China’s economy grows 4.5 percent, beating expectations

Latest economic data suggest the world’s second-largest economy is firmly on a recovery path after end of pandemic curbs.

China's economy is rebounding strongly from the pandemic [Tingshu Wang/Reuters]

Taipei, Taiwan – China’s economy grew by 4.5 percent year-on-year in the first quarter of 2023, signalling that the world’s second-largest economy is firmly on the path to recovery after the end of Beijing’s strict “zero-COVID” policies.

The growth figure falls slightly short of Beijing’s 5 percent growth target for 2023, set at the National People’s Congress meeting in March, but is still ahead of market expectations.

Other official economic data released on Tuesday reinforced signs of an upward trend in the economy.

Retail sales grew by 10.6 percent year-on-year, according to data from the National Bureau of Statistics, while value-added service output rose by 5.4 percent.

Value-added industrial production rose by 3 percent year-on-year, although the Purchasing Manager’s Index, a measure of China’s manufacturing trends, dropped slightly to 51.9 from 52.6 in February. Any reading above 50 is considered an expansion.

Alicia Garcia Herrero, the chief economist for the Asia Pacific at Natixis, said the “data was quite good” but that official figures may paint a slightly rosier picture than the reality on the ground because the benchmark is March 2022, when economic activity across China was muted due to lockdowns.

China’s economy grew by just 3 percent last year, the second lowest rate since 1976, amid strict pandemic measures, including border closures, mass testing and months-long lockdowns in big cities such as the financial powerhouse of Shanghai.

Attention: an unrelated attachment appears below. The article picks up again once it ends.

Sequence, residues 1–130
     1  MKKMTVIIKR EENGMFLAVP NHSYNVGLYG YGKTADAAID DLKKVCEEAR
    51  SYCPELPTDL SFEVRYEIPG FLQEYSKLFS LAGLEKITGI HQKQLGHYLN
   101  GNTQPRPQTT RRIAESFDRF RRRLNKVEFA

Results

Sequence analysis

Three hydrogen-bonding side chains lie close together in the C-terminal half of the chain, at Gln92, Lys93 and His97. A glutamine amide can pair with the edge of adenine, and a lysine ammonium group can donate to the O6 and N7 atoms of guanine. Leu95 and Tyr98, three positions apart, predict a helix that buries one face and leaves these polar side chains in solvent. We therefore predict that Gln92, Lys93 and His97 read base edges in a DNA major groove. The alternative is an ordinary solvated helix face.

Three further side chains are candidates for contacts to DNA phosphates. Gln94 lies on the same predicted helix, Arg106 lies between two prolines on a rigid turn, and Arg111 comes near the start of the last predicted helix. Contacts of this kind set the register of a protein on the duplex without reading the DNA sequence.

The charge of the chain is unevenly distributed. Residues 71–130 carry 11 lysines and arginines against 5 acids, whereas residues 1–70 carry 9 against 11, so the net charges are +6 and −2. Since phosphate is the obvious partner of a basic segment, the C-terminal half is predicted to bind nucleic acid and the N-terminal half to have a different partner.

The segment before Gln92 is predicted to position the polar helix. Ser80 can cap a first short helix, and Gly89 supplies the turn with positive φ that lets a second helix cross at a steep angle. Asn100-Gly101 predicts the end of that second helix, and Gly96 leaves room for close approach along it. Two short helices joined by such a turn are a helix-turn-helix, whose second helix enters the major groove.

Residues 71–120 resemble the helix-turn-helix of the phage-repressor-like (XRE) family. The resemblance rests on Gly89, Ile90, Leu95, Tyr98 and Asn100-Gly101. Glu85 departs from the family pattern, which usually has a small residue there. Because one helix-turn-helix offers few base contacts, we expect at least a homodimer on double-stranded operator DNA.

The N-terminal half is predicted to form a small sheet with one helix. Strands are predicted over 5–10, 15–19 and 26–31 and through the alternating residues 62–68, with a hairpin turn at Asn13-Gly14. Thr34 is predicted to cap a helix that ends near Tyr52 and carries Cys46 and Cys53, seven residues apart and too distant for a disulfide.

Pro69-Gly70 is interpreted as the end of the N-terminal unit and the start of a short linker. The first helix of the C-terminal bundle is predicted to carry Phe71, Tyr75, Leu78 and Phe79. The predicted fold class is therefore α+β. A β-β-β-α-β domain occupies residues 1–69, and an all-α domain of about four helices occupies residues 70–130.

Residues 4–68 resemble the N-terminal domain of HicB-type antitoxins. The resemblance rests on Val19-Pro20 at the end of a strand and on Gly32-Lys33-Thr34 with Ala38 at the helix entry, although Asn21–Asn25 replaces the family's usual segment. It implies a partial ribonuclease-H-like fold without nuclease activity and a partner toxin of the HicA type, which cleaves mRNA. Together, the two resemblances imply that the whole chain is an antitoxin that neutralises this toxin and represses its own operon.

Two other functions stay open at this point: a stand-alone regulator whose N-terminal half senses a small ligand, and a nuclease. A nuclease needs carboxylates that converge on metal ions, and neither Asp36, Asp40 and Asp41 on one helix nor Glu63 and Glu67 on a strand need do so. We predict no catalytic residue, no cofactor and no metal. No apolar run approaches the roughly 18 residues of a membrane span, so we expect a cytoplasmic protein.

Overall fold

Beijing is now trying to steer the economy through a recovery without stoking the kind of inflation seen in other countries, Garcia Herrero said. China’s consumer price index grew by just 0.7 percent year-on-year in March, despite rebounding retail sales.

China’s Communist Party has made economic stability a top priority in 2023, with a particular focus on job creation to offset high youth unemployment during the pandemic.

Beijing said earlier this year it plans to create 12 million jobs, up from 11 million this year, while pinpointing consumption as a key driver of growth.

Public frustration with Beijing’s “zero-COVID” strategy and its effect on the economy sparked a wave of rare mass protests across China’s big cities in late 2022.

The protests are believed to have been a deciding factor in Beijing’s abrupt decision to drop its tough pandemic strategy in December after nearly three years of strict curbs.

Source: Al Jazeera